By: Asata Bamba
The Martin Luther King Jr. Student Center Parlors had many DSU staff, students and visitors from all walks of life in attendance on February 4, 2016.
To commemorate both Black History Month and the daring and legendary Black Panther Party, a panel discussion was opened up for Dr. Charles E. Jones and Dr. Yohuru Williams to give their scholarly perspectives on the black power activist group.
Dr. Donna Patterson, Associate Professor in Delaware State University’s Department of History, Political Science, and Philosophy, acted as the moderator for this event.
Before the program began, the Hornet spoke with Dr. Bonnie Hall, a DSU alumnus and Delmarva native Mrs. Audrey Smith.
Dr. Hall said, “I came because I saw the advertisement for the Black History Month celebration and I was very much interested in the speakers that you have.”
“We never really saw or heard any of them [the Black Panthers]. Whatever they [media outlets] wanted to view they did, and that’s what we believed about them,” Mrs. Smith stated.
In the words of Dr. Yohuru Williams, Dean of the College of Arts and Sciences at Fairfield University and author of Black Politics/White Power: Civil Rights, Black Power and the Black
Panthers in New Haven,
“I think what we’re trying to do is link the legacy of the Party to the contemporary moment…You can make clear comparisons between the case of “Lil Bobby” Hutton, the first person who was killed in the Black Panther Party (he was 17 years old) to any number of the cases today. From Michael Brown, to Tamir Rice, to Freddie Gray… to put some legs on the fact that this contemporary moment very much resembles the moment that gave birth to the Black Panther Party.”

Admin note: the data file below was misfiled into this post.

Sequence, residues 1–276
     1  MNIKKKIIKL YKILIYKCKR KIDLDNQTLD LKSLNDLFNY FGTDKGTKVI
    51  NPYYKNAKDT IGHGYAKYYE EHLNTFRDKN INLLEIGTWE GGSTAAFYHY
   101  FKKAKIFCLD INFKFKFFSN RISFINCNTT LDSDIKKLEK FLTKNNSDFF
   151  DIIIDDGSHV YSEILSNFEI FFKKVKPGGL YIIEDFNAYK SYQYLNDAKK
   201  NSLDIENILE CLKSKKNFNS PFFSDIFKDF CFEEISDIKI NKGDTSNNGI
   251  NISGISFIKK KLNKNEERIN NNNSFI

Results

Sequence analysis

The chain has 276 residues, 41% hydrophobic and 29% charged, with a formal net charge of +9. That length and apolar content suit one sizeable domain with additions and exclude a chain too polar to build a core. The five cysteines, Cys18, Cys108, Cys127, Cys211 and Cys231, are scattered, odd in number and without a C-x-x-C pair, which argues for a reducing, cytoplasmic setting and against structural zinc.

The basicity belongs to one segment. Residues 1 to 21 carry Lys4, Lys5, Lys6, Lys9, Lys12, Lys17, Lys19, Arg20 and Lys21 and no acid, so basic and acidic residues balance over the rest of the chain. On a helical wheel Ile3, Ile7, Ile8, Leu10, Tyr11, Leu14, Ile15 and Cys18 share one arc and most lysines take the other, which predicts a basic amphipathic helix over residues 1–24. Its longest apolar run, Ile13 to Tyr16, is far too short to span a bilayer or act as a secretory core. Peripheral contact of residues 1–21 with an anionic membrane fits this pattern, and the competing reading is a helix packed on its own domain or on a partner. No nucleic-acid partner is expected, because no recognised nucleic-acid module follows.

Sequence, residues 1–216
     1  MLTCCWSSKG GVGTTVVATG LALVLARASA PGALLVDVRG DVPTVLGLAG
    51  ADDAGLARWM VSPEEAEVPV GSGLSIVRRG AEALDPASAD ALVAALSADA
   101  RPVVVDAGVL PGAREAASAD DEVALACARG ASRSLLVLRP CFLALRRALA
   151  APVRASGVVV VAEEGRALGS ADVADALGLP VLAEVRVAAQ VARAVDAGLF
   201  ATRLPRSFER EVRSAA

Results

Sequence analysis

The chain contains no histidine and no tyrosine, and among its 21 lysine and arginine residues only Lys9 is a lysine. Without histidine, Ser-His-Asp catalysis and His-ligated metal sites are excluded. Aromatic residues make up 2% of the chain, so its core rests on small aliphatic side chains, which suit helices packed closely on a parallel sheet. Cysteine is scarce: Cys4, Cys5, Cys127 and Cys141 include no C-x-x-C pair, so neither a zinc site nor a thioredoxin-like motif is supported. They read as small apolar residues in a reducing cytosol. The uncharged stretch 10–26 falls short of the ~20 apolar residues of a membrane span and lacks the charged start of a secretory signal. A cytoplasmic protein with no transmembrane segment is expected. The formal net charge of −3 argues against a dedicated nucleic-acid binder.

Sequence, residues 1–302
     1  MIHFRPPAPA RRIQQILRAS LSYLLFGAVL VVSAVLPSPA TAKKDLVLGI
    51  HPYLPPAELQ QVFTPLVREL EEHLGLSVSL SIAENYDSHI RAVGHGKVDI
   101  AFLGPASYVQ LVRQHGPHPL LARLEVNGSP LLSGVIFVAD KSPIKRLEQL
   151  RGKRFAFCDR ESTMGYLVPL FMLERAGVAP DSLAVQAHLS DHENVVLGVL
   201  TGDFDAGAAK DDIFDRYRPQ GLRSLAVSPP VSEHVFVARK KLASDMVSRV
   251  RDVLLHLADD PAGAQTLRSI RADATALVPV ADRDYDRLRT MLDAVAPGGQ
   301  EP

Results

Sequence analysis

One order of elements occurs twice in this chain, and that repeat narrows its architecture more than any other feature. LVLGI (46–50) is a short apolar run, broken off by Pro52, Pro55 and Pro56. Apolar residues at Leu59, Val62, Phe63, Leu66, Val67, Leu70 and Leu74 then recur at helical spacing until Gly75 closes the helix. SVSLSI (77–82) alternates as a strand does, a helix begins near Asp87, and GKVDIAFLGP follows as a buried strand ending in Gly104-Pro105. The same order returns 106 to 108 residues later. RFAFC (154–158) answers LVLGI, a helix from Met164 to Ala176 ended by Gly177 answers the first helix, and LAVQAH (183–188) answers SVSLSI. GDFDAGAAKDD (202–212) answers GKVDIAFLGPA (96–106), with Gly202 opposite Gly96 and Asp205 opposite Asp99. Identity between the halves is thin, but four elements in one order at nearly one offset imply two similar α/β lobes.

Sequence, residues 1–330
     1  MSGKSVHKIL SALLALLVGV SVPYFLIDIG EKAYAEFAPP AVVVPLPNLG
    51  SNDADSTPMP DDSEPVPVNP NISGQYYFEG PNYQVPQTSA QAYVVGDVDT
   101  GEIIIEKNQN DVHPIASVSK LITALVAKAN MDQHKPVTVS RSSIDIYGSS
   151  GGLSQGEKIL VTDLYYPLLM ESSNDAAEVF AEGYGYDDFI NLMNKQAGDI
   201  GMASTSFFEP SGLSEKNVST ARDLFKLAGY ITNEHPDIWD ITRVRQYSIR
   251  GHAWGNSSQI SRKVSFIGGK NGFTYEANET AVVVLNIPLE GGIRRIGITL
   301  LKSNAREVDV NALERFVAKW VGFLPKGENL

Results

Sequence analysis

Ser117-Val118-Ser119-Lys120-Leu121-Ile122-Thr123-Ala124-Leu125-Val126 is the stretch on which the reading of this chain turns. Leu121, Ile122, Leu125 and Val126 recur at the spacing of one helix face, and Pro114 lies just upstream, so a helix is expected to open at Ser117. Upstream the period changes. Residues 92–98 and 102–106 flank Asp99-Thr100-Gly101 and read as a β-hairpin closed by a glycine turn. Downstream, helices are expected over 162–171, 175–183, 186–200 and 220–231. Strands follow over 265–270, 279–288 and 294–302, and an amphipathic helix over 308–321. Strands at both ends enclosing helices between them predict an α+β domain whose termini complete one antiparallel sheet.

Dr. Charles E. Jones, Department Head and Professor of Africana Studies at the University of Cincinnati and Editor of The Black Panther Party [Reconsidered], orated first, feeding folks background information on the Black Panther Party and other obscure facts.
After an introduction about the Party and connection to why a group that has been disbanded since 1982 is still relevant, Dr. Jones made this notable statement:
“I see four components to their legacy. One is their commitment to armed resistance in terms of the Black Panther Party representing the institutionalization of Malcolm X’s notion of self-defense… at that time the Black Panther Party was called the Black Panther Party for Self Defense… Another important aspect of that legacy was its commitment to community service. The Black Panther Party served to the masses of people through free breakfast programs, 12 health clinics, liberation schools, SAFE (Seniors Against A Fearful Environment)… they understood if it would mobilize the consciousness of the people, you must serve the people. Another aspect of the Black Panther Party: they were committed to the self-determination of all people regardless of race, gender, or sexual orientation. They were engaged in rainbow politics on the local level. Then finally, the Black Panther Party served as a model for political action… All these different indigenous people wanted to challenge their oppressed conditions, and looked at the brothers and sisters of the Black Panther Party who had the audacity to challenge the state in what we call ‘the Belly of the Beast.’”
Dr. Williams then delivered a speech elaborating on the many people suffering from historical amnesia, the Black Panther Party to #BlackLivesMatter movement, and people not utilizing their resources strategically.
“In 1982, Bobby Seale spoke at Quinnipiac College… students stood up to ask questions and they said, “what can we do right now?” Bobby Seale replied “if the Black Panther Party was started today (1982) all people would need are computers and not guns.” Bobby Seale recognized that “you’ve gotta fight the battle that is presented to you with the instruments that are to your disposal.”
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